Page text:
By Staughton Lynd
This number of unpublished talks and hard-to-find essays from mythical activist-historian Staughton Lynd blends themes that encourage the rejection of capitalist imperialism, whereas additionally looking a transition to a newly organized world. The dynamic assortment offers memory and research of the Sixties and a imaginative and prescient of the way historians may immerse themselves in renowned routine whereas conserving their legal responsibility to inform the truth. A ultimate crew of shows, entitled “Possibilities,” explores nonviolence, resistance to empire as a life-style, and what a working-class self-activity could suggest within the twenty first century.
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On the latter occasion, indeed, he threatened to issue a public statement dissociating the United States from any such agreement reached between Britain and the Soviet Union. The American objective, for Roosevelt and Hull as for Woodrow Wilson years before, was to prevent dictation to small nations so that they might determine their own destinies through democratic processes; and to substitute for the balance-of-power arrangements which seemed inevitable and natural to America’s European partners, an international organization to keep the peace.
Love of nature and rebellion against society were very practically blended in Thoreau because he made his living by manual labor. It was his occupation by choice, and he continued it throughout his adult life: I do not believe this can be said of any other man of letters in American history. His preference of silence to words, his insistence (which we shall come to in a moment) on action, his feeling for tangible realities—“hard bottom and rocks in place, which we can call reality, and say, This is, and no mistake; and then begin”—are bound up with these years of manual labor.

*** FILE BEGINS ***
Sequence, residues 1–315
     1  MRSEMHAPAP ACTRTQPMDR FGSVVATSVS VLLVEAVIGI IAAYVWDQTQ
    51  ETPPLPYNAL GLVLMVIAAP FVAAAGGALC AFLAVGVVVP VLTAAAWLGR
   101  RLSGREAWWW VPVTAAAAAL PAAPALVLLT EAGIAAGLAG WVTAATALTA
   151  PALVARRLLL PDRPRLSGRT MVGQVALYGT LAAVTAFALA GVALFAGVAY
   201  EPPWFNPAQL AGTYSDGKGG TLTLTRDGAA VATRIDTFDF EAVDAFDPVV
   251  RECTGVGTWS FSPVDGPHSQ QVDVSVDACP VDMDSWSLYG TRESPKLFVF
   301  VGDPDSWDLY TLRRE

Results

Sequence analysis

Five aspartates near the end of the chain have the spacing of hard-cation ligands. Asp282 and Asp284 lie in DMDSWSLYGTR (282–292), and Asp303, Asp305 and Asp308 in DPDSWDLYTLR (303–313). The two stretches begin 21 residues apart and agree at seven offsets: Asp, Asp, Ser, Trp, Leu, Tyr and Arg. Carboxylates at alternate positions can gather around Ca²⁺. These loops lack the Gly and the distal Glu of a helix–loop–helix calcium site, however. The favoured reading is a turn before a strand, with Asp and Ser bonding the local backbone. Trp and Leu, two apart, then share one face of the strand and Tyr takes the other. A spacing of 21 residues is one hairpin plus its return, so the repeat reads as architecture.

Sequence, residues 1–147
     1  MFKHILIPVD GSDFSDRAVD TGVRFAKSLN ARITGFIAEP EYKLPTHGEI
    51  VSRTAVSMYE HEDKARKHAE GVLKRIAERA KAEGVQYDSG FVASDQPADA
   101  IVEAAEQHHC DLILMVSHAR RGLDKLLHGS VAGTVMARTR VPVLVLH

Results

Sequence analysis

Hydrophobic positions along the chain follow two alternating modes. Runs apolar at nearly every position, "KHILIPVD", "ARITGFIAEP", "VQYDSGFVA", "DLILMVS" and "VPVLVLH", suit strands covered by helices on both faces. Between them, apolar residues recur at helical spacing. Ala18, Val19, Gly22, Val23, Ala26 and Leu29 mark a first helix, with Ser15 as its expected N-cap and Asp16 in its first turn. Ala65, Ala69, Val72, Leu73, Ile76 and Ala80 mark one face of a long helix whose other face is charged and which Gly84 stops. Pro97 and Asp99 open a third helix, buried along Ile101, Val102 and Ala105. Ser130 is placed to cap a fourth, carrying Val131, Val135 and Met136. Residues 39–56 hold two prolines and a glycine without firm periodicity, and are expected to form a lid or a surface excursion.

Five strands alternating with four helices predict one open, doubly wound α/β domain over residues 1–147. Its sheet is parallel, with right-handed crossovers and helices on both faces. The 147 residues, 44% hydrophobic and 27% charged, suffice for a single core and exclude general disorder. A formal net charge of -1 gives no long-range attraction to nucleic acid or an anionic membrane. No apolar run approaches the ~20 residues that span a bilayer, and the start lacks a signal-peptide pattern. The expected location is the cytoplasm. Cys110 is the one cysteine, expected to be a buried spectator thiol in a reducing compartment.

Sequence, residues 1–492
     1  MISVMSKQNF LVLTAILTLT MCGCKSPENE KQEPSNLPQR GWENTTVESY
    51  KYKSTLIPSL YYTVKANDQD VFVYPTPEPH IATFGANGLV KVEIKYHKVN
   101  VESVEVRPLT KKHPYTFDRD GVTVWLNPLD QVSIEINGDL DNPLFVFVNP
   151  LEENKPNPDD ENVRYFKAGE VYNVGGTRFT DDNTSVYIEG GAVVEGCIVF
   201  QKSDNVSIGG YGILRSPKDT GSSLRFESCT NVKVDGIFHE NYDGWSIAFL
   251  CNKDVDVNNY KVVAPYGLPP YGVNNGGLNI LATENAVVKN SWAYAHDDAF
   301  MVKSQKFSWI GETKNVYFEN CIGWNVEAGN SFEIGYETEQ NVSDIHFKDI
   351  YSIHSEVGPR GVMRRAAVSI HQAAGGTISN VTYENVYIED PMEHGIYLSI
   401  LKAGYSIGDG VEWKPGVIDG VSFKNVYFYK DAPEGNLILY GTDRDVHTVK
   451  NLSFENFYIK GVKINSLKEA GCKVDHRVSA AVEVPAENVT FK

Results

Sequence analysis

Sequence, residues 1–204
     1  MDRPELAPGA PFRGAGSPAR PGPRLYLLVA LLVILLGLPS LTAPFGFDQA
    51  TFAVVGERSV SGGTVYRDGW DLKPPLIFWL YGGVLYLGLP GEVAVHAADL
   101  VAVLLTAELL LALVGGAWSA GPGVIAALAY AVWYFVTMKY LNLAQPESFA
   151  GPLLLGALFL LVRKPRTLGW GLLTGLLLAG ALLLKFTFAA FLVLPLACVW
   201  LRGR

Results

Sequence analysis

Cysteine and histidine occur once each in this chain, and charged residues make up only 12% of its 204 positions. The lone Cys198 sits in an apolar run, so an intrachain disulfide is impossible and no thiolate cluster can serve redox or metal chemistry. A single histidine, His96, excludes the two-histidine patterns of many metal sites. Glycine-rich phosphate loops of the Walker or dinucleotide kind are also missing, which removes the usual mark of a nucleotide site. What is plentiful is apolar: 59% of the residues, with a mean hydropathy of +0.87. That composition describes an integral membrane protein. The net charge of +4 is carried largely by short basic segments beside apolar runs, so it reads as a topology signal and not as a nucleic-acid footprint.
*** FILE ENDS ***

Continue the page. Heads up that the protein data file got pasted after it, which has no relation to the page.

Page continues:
When the Red Army, to the surprise of the highest military personnel in both England and America, survived into the winter of 1941-1942, serious negotiations as to postwar goals began. Then as later Stalin underscored the fact that twice in thirty years Russia had been invaded through Poland, and insisted on a more westerly frontier (incorporation of the Baltic nations and the Curzon Line in Poland) The Sixties 47 and a friendly postwar Polish government. Then as later Churchill, also thinking in terms of his nation’s security, showed himself ready to bargain with the Soviet Union on a quid pro quo basis but equally ready to invoke the threat of force if negotiation seemed inadequate; it was at this time that Churchill, having just signed the Atlantic Charter with its promise of democracy for “all the men in all the lands,” told Parliament that the phrase was not meant to apply to the British Empire.
From Here to There: The Staughton Lynd Reader by Staughton Lynd